Re: JOINING posts

From: Russell Standish <>
Date: Fri, 24 May 2002 09:56:19 +1000 (EST)

This is an excellent idea Wai. I guess we look up the thread called
"JOINING POST" to the info.

As for me, I studied mathematics and physics at an undergrad
level. Whilst still at high school, I was studying quantum mechanics
and general relativity, and started my science degree wanting to
research beyond these theories. By the time I finished my BSc, I had
decided that "reductionism" has gone too far, and that there was a
whole world of "mesoscale" or "complex" physics that was opening
up. As a result I moved into nonequilibrium statistical physics for my
PhD. The field of Complex Systems basically took off at this time.

At age 19, I toyed with an idea (no doubt inspired by Corewars from
Martin Gardiner's column) of evolving small self-reproducing creatures
as a means of understanding evolution. By the time I had finished my
formal requirements for entering scientific research (ie a PhD), Tom
Ray had achieved this task with Tierra. So after my PhD I got into
artificial life, and I developed my own evolutionary model called
Ecolab. As a result I've taken part in some of the big intellectual
debates of the 90s in complex systems, including self-organised
criticality as an explanation of punctuationlism, complexity trends
through evolution and explanations of diversity growth during the
history of the biosphere.

During the mid-90s I started musing over the MWI and the anthropic
principle, and realised that the univserse was not just some accident
of creation, but the result of an evolutionary process. These thoughts
finally culminated in my paper "Evolution in the Multiverse", where
the MWI is analogous to variation in Darwin's theory of evolution, and
the Anthropic principle is analogous to selection.

Whilst riding a bicycle, I would speculate on what would be happening
in the "neighbouring" universes where I was a little faster or slower,
and that car that nearly missed me actually hit me and killed me. I
realised at that time I would never know, and came up with my own
formulation of what has become known as the Quantum Theory of

About this time, David Deutsch's book Fabric of Reality appeared, which
I bought and devoured. It is truly an excellent book, although has its
failings like any work. Later, I saw the New Scientist article about
Max Tegmark, and I thought - here's someone with guts! As they say,
most of the rest is history, documented in the Everything and FOR

As a result of discussions on this list, I have written a paper "Why
Occams Razor", which develops these ensemble theories to the point of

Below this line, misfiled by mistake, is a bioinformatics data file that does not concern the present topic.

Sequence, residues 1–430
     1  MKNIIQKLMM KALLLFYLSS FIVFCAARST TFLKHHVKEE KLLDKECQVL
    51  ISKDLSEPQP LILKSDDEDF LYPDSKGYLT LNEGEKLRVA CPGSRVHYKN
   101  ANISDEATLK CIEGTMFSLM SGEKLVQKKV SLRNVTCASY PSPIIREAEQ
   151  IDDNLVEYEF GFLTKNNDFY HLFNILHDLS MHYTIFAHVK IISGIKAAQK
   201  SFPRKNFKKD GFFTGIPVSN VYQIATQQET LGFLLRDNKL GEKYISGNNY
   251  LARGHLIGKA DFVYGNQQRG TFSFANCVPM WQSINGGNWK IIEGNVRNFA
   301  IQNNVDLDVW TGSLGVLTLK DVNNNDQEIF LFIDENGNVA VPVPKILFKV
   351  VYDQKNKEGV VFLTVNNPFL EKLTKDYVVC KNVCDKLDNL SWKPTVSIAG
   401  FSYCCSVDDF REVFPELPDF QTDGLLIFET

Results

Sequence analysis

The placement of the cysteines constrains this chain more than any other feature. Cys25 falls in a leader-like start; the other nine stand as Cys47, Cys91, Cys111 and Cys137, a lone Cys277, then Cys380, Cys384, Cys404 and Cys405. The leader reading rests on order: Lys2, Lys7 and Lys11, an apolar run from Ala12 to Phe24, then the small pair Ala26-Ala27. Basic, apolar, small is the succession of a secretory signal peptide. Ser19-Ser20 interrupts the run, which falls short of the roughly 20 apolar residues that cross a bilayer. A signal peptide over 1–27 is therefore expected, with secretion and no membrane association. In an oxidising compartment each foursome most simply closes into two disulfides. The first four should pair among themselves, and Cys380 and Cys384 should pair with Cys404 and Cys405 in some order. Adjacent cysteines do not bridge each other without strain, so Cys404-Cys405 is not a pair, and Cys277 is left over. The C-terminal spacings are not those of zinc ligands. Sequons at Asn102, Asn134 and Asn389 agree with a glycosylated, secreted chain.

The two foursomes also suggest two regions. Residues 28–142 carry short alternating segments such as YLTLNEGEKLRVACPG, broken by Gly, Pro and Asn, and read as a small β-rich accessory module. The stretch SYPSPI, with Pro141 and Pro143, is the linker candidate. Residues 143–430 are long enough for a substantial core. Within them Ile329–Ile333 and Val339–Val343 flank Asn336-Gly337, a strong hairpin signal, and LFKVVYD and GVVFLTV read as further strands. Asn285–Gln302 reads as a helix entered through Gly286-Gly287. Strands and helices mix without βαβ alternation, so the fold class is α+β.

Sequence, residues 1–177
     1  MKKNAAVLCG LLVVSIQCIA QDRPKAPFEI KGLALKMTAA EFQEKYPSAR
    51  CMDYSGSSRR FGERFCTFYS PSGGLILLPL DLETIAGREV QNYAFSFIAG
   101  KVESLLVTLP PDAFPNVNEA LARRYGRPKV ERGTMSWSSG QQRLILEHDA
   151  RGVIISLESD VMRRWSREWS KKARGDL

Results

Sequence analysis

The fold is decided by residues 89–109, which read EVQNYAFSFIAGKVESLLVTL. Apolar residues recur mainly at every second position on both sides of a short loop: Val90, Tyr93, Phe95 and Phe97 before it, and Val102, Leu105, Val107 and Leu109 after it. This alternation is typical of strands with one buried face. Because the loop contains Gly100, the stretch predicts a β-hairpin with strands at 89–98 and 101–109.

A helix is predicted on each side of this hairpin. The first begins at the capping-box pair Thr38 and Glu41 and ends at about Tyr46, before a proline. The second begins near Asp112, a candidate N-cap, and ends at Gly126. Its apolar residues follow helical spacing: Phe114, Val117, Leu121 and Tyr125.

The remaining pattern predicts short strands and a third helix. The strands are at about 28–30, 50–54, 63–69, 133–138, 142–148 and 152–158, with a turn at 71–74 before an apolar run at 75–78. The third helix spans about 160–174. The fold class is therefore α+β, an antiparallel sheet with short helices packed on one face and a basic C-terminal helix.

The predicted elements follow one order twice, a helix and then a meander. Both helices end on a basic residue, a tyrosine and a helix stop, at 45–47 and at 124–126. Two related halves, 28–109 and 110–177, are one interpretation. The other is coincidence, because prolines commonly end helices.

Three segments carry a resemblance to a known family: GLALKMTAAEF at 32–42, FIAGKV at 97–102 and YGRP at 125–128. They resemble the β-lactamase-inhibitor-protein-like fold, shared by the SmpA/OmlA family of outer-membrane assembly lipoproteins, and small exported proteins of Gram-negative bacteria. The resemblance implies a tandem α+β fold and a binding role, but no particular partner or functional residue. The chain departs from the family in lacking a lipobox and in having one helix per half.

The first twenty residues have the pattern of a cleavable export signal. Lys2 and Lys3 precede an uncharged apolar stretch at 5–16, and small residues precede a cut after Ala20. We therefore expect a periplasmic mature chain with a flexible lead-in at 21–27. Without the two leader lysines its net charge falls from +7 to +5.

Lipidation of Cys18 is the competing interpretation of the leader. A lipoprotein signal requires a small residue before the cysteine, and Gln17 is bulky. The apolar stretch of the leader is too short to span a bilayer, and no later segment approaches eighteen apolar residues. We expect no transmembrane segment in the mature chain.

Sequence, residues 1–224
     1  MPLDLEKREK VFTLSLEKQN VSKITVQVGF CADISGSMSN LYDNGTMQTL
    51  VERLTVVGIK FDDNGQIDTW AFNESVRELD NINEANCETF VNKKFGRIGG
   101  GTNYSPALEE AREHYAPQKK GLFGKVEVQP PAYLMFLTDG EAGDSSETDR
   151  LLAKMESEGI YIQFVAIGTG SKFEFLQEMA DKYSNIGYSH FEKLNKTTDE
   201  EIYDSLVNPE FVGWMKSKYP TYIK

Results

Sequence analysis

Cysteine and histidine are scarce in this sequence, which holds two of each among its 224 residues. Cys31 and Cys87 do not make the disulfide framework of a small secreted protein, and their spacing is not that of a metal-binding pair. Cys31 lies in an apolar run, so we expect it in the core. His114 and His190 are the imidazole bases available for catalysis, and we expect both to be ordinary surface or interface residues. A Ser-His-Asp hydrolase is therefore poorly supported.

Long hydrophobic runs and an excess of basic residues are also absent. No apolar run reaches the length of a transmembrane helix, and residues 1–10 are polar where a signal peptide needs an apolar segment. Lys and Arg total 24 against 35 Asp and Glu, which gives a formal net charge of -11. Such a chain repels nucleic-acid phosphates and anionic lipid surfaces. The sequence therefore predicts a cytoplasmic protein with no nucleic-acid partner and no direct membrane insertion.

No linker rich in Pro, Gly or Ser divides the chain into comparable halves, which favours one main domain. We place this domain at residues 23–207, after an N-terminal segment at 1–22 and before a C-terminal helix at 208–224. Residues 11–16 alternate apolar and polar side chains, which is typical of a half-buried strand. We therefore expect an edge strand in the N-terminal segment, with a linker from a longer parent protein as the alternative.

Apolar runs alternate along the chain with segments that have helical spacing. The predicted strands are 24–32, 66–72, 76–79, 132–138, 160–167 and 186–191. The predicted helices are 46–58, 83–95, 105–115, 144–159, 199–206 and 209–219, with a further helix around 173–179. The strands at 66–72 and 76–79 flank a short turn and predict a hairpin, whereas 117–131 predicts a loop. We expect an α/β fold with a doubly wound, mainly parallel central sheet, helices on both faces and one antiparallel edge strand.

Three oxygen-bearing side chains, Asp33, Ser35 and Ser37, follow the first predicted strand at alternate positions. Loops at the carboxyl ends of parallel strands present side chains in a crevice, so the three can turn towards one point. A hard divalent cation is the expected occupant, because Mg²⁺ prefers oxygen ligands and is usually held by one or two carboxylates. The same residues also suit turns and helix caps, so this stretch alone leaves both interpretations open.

deriving all the postulates of quantum mechanics, except the
correspondence principle. The paper was first written 2.5 years ago,
and is in its 3rd revision. It is very difficult to get this sort of
stuff published, but I'm perservering, because I suspect this will be
one of the most important papers I'll write.

I have to say I have little time for deliberate obfuscation, whether
by excessive use of obscure verbal terms, or execessive mathematical
rigour. However, I do believe that mathematical concepts and terms are
about our only chance of comprehending and communicating this subject
area. For this reason, I am disappointed at the approach the FOR list
takes of banning all mathematical description.

Relevant References:

Stuart Kauffman:
   "The Origins of Order: Self Organization and Selection in Evolution"

This is quite a well written book, curiously aside from the description of
Kauffman's own contribution to the field, the NK model. One problem is
that many readers of this book assume that Kauffman invented the whole

Murray Gell-Mann: The Quark and the Jaguar

Tom Ray's Tierra:


Li & Vitanyi (Thanks Wai Dai)

Bruno Marchal's thesis: (which I read in French, but got confused by
modal logic :)

Roy Frieden: Physics from Fisher Information

Standish, R.K. (2000) ``Evolution in the Multiverse'' Complexity
International, 7.

Standish, R.K. (2001) ``On Complexity and Emergence'' Complexity
International, 9.

Standish, R.K. (2002) ``Why Occam's Razor'' arXiv: physics/0001020

A/Prof Russell Standish Director
High Performance Computing Support Unit, Phone 9385 6967, 8308 3119 (mobile)
UNSW SYDNEY 2052 Fax 9385 6965, 0425 253119 (")
Room 2075, Red Centre
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Received on Thu May 23 2002 - 17:05:06 PDT

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